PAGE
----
Psychology, Poverty, and the End of Social Exclusion: Putting Our Practice to Work

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Laura Smith argues that if there is any segment of society that should be concerned with the impact of classism and poverty, it is those within the “helping professions”—people who have built their careers around understanding and facilitating human emotional well-being. In this groundbreaking book, Smith charts the ebbs and flows of psychology’s consideration of poor clients, and then points to promising new approaches to serving poor communities that go beyond remediation, sympathy, and charity.
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Product Details

  • ISBN-13: 9780807751244
  • Publisher: Teachers College Press
  • Publication date: 7/23/2010
  • Series: Multicultural Education Series, #7
  • Edition description: New Edition
  • Pages: 192
  • Sales rank: 1,290,502
  • Product dimensions: 6.10 (w) x 8.90 (h) x 0.60 (d)

Table of Contents

Foreword Isaac Prilleltensky ix

Acknowledgments xi

Introduction 1

1 What is Social Class" 5

Setting the Stage: Social Class and Multicultural/Social Justice Competence 6

The Silence Around Social Class 7

Approaches to Social Class Analysis 14

A Framework for Social Class 18

Social Class Membership: A Dimension of Sociocultural Identity 22

2 Classism 24

A Social Justice Framework 24

Looking at Classism Now 27

Putting It All Together: Seeing Classism Within a Social Justice Framework 31

The Implications of Seeing Classism 41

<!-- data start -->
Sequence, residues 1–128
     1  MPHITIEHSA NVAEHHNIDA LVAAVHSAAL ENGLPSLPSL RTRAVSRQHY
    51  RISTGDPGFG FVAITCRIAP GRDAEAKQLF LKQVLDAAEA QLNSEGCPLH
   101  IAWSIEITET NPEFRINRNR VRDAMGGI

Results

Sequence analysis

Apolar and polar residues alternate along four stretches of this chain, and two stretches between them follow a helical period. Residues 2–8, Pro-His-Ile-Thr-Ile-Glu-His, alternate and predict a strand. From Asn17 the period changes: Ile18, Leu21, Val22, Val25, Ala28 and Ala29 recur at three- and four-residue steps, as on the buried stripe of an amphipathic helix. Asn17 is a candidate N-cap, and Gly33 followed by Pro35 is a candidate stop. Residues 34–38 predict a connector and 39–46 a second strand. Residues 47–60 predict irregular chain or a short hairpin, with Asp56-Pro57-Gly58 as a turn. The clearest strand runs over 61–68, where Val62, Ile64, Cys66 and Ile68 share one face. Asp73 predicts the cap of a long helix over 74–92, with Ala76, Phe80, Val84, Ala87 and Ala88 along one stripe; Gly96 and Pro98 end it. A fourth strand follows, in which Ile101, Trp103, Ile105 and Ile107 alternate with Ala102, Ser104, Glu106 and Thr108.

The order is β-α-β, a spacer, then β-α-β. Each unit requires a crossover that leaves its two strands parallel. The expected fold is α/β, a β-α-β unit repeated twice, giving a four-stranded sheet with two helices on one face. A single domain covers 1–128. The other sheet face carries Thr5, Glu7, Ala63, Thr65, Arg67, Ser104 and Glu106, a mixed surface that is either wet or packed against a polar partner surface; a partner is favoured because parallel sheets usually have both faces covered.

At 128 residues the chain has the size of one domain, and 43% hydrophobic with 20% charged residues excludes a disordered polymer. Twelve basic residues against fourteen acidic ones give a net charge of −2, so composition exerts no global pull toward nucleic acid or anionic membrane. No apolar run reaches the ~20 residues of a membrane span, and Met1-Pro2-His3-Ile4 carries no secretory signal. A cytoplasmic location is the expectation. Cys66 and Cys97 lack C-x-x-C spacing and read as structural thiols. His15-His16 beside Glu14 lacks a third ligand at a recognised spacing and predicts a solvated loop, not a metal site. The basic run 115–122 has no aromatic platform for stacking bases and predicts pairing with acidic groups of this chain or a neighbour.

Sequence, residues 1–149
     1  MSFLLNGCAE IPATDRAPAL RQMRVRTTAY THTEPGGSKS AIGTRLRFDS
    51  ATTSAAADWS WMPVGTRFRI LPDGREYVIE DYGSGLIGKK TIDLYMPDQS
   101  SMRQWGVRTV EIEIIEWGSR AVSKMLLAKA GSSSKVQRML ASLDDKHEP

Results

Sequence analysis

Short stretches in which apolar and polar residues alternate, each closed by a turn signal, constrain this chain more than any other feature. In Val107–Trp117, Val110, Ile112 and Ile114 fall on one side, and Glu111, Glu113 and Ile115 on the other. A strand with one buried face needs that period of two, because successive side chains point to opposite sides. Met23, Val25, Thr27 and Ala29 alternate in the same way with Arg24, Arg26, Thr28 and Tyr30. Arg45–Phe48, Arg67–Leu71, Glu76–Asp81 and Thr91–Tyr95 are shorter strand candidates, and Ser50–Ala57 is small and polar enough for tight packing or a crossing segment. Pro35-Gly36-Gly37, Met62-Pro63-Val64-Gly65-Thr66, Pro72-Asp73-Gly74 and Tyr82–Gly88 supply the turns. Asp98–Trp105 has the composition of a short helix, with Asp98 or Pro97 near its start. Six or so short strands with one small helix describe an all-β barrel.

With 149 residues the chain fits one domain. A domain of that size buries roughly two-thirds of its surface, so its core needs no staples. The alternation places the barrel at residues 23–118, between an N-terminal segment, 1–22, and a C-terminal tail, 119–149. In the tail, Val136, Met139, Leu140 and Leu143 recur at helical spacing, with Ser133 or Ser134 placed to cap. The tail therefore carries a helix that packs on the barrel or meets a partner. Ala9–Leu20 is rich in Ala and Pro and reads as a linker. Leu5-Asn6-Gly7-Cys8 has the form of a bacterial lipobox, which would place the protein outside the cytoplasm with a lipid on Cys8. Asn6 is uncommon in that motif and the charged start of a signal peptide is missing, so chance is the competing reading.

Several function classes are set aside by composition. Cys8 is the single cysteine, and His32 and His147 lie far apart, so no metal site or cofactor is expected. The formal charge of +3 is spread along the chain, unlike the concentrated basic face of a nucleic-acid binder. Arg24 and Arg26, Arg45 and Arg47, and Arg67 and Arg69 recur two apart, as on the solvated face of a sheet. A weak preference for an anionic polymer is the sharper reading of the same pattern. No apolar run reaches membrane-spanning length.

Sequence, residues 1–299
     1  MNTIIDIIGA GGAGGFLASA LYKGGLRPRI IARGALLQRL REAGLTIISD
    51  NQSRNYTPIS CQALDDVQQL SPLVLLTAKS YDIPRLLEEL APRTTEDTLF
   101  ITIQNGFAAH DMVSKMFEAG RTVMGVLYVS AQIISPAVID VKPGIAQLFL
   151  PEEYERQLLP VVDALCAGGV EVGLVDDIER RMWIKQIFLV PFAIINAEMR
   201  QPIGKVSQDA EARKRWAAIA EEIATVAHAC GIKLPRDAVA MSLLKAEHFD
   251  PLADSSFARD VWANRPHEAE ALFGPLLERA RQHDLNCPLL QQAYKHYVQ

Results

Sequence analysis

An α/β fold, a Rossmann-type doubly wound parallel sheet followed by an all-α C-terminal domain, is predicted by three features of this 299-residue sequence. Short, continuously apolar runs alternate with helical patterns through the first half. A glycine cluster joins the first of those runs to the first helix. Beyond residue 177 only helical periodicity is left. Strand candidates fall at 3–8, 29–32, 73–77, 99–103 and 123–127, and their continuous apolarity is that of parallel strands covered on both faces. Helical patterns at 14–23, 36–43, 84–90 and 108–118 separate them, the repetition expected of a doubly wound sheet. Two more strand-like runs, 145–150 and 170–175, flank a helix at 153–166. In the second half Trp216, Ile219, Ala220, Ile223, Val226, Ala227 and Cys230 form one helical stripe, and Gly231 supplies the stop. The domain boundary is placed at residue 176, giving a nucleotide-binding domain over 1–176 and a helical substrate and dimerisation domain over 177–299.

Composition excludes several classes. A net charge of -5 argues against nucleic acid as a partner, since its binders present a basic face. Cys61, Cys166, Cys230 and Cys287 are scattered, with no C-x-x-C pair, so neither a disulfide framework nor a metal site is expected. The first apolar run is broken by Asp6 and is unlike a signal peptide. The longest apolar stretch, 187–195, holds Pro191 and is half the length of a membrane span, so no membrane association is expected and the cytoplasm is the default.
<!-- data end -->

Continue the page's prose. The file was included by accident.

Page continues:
3 Poverty in Psychological Scholarship 44

Poverty Hurts People 45

Foundations of Economic Injustice in Social and Community Psychology 50

Practitioners and the Poor 56

The Causes of the Causes 63

4 In Their Own Words: Qualitative Expressions of Life in Poverty 65

Life Without the Basics 67

Chaos and Crisis 71

Stigma and Exclusion 73

Values and Hopes 77

Reflecting on These Studies 80

5 Psychotherapy and Training in the Context of Poverty: Barriers and Growing Edges 82

Exploring Classist Attitudinal Barriers to Psychotherapeutic Competence 83

Addressing Classism and Poverty Within Psychotherapy and Supervision 89

The Broader Implications of Socially Just Practice and Supervision 100

6 Beyond Psychotherapy: Transforming Mental Health Practice in the Context of Poverty 101

Another Way to Evaluate Interventions: Psychopolitical Validity 102

Transformed Psychotherapeutic Practice: Relational-Cultural Therapy and Mutuality 105

Co-Created Therapeutic Experiences 108

More Different Still: Community Praxis 114

Can You Imagine" 125

7 Parting Thoughts on Poverty, Help, Service, and Action 127

Poverty Is Social Exclusion 127

"Helping" the Poor 132

What Is Researchable Versus What Is Good 139

Advocacy for Economic Justice Is Advocacy for Psychological Well-Being 143

References 147

Index 167

About the Author 178

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